About this blog
I'm an American expat from New Jersey living in Lille, in le Nord. I've been in France for most of the past 16 years, am raising 2 bilingual children and 2 bilingual cats and a husband. And I love food.
When I first came to France as a student (back in the last century) I didn’t know how to cook. It wasn’t until I moved here after graduating from college that I realized that cooking was my thing. And as I tried to prepare for my first Thanksgiving in France, I realized I couldn’t find many basic
items like brown sugar (non-existent in the south of France), cranberries (the American cranberry grower’s association had yet to hit the French market) and oatmeal (Quaker hadn’t arrived yet either!). As I came to adulthood in France, made friends, got married,
I wanted to share my culinary tradition with the people around me. It meant adapting and working around what I was able to find. And that’s without mentioning the trials and tribulations associated with weights and measures, oven temperature, the fat content of butter, the ash content of flour, the pharmacist who looked at my strangely when I tried to buy baking soda for cooking…the list goes on.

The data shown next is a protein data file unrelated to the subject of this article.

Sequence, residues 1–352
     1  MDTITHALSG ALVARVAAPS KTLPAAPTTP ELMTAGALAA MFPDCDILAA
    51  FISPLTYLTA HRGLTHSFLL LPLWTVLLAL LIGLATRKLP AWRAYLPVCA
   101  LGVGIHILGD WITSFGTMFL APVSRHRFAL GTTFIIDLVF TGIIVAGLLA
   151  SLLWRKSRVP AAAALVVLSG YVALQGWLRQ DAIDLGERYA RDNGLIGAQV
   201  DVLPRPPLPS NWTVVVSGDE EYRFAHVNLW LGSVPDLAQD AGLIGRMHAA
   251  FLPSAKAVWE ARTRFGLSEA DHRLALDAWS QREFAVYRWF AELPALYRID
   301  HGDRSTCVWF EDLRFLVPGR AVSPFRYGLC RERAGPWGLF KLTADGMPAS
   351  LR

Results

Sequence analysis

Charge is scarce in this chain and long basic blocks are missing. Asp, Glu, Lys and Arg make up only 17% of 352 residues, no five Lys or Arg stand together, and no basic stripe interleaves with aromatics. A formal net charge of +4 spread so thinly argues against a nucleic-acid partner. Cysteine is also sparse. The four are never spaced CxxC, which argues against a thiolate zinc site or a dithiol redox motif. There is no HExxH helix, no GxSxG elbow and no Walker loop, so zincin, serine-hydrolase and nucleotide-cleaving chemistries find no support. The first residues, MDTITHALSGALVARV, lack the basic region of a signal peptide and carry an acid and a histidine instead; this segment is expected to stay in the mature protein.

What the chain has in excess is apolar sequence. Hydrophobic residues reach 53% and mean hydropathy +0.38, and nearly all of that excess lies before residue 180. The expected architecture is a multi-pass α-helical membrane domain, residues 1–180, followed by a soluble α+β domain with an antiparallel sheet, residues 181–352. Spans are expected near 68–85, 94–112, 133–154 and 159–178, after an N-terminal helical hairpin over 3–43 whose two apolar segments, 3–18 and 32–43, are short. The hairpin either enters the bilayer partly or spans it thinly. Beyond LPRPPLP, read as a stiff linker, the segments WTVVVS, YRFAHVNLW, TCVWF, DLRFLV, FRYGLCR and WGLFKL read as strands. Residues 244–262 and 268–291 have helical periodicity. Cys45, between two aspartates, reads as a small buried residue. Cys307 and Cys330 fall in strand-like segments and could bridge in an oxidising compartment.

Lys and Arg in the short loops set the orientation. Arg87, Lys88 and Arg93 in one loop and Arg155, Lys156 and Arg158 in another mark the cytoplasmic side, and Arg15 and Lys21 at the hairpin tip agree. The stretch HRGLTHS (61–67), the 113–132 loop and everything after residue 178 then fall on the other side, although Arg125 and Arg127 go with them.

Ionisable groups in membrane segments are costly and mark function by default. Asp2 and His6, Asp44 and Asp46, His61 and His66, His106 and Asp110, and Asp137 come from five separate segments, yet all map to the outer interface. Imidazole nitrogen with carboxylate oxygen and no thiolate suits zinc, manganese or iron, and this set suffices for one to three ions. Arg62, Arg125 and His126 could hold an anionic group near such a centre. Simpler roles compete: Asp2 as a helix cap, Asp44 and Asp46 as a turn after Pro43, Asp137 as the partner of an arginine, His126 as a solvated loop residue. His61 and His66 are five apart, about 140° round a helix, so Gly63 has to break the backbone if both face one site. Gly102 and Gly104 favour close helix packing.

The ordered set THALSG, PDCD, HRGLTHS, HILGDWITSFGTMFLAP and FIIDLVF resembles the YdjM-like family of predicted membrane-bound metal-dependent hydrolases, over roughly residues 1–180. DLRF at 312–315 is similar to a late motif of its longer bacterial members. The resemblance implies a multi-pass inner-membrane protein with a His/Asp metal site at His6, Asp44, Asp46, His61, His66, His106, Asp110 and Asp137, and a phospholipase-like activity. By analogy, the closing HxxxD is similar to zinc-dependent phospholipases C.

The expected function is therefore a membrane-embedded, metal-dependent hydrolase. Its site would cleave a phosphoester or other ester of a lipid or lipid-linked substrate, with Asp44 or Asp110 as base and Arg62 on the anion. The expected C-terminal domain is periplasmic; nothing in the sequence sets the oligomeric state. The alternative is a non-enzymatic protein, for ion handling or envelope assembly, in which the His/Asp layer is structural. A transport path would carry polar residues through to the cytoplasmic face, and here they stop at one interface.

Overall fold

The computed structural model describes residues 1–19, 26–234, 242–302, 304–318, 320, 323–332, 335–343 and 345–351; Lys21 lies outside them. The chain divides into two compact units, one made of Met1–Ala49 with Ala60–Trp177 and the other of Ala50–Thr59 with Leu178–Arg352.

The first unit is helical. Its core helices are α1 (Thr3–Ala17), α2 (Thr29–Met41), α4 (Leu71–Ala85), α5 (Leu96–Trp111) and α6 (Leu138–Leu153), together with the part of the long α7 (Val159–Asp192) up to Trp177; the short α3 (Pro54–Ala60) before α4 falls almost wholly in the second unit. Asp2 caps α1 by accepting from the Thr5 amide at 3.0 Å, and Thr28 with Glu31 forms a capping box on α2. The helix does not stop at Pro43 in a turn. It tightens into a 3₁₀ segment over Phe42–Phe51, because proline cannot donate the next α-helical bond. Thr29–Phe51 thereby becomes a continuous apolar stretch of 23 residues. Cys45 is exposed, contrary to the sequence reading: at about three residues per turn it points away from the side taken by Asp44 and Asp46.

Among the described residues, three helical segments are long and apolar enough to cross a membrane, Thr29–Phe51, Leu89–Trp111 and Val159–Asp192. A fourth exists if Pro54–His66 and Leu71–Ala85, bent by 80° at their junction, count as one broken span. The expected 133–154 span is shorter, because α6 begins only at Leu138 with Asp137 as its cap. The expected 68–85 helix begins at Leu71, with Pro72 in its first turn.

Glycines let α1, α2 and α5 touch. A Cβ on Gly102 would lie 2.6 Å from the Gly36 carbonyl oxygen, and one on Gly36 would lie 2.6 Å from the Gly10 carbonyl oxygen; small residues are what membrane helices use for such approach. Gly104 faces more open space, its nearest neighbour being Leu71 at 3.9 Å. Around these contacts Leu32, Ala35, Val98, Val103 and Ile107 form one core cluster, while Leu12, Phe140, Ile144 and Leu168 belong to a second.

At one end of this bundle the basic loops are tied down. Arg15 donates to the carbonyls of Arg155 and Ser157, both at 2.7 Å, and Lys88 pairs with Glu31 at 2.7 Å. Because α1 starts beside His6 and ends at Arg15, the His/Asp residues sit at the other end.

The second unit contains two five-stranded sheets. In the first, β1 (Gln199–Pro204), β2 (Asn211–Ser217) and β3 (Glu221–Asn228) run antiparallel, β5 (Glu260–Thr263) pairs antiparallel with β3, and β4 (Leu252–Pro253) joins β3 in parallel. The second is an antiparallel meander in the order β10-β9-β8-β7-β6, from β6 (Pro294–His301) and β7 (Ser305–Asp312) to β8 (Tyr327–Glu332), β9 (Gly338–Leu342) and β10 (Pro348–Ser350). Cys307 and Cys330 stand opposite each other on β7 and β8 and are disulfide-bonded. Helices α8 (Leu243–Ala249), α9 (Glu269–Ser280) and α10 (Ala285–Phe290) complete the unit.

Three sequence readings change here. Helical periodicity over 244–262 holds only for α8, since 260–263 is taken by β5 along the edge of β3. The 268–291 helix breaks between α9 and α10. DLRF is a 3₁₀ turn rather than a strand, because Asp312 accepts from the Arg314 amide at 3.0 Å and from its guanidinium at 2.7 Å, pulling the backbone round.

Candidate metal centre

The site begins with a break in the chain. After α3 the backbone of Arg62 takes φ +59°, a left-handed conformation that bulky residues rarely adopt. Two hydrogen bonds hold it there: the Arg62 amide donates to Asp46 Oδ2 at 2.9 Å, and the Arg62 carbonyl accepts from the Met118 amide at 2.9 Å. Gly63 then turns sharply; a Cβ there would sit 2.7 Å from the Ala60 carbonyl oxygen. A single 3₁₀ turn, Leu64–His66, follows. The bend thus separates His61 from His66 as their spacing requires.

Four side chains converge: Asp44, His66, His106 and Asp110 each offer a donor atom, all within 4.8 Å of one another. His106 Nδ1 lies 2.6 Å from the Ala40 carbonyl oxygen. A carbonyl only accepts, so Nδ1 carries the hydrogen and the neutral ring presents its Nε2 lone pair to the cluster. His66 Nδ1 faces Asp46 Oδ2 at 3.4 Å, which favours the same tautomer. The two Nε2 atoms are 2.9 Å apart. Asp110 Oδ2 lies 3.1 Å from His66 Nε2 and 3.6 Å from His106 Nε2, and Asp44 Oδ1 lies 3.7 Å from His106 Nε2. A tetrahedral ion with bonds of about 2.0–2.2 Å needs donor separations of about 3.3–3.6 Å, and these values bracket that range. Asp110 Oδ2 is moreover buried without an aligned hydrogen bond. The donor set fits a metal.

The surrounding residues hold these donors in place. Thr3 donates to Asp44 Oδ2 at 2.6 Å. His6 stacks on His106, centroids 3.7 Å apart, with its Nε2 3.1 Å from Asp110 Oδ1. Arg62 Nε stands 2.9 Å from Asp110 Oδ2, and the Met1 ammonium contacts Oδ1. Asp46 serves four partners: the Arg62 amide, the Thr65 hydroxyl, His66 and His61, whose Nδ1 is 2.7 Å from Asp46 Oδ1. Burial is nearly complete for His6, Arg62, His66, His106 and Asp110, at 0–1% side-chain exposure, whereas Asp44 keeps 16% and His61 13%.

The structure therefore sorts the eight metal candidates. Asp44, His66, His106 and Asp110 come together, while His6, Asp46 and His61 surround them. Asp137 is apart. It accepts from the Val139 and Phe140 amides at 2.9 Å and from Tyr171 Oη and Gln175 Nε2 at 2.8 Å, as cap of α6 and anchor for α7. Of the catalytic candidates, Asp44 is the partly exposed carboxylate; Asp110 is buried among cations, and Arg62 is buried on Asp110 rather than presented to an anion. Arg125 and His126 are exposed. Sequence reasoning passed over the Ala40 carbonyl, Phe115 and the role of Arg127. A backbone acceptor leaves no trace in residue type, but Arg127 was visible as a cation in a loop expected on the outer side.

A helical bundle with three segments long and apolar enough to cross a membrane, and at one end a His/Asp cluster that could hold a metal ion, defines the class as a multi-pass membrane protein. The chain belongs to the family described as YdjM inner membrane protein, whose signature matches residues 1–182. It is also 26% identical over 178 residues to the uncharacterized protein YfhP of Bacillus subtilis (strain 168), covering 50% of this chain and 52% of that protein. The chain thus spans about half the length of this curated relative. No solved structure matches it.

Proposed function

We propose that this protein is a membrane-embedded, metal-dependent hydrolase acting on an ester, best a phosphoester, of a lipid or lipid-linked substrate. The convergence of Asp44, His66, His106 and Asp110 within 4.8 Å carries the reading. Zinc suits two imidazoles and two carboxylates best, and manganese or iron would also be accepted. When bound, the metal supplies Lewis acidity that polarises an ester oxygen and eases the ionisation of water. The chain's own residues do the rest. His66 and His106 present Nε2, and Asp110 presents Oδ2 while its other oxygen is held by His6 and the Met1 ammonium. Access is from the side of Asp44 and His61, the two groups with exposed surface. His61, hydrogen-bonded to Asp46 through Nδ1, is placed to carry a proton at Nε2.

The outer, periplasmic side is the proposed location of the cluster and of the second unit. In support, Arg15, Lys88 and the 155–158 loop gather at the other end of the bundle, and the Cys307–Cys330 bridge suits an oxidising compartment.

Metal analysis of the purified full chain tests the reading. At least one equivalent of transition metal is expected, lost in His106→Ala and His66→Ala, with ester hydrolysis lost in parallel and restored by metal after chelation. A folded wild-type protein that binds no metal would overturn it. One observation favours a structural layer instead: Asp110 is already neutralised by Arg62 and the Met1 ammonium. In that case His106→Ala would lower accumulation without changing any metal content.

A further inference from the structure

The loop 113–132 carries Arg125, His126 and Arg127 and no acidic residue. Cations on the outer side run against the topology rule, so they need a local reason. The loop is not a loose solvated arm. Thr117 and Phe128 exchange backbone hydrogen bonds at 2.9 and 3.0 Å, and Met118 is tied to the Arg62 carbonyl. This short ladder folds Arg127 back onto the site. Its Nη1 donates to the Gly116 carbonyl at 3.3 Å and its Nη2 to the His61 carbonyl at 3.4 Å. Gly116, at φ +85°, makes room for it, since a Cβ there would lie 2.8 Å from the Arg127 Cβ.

So I started experimenting more and more, searching the Internet for solutions on why my chocolate chip cookies were flat in France, what to use instead of buttermilk for my grandmother’s coffee cake recipe and how to make a cheesecake without cream cheese. When I started making my American food, French people would ask for my recipe which is the highest possible food complement in France. But to share the recipes, I had to let go of my American cups and spoons and buy a digital scale to help calculate the amount of grams in a cup of flour or the equivalent to a stick of butter in grams. It was a pain in the butt. And since I'm not well organized, I had to retranscribe it each and every time someone wanted one of my recipes. Boring!
So I adapted my American recipes to the products that were around me, readily available and far less expensive than the American exports products I could buy at American, English or Irish specialty stores in Paris and/or Lille. I also took out any steps I found to be superfluous…who needs to spend
time sifting flour if it’s just as good without ?
A large part of my basic recipes are adapted from my bible, The Joy of Cooking. "My" recipes are a product of my love of cooking, my will to share my American traditions, my laziness, and my desire to guide people living in France (whether you be American, French, both or neither!) who are struggling with making the perfect cookie, cheesecake, chicken soup or crab dip. The recipes are darwinized ie they have adapted and are constantly evolving. Survival of the fittest and all that.
I look forward to any comments and hope you’ll find delicious and simple recipes that you’ll want to share.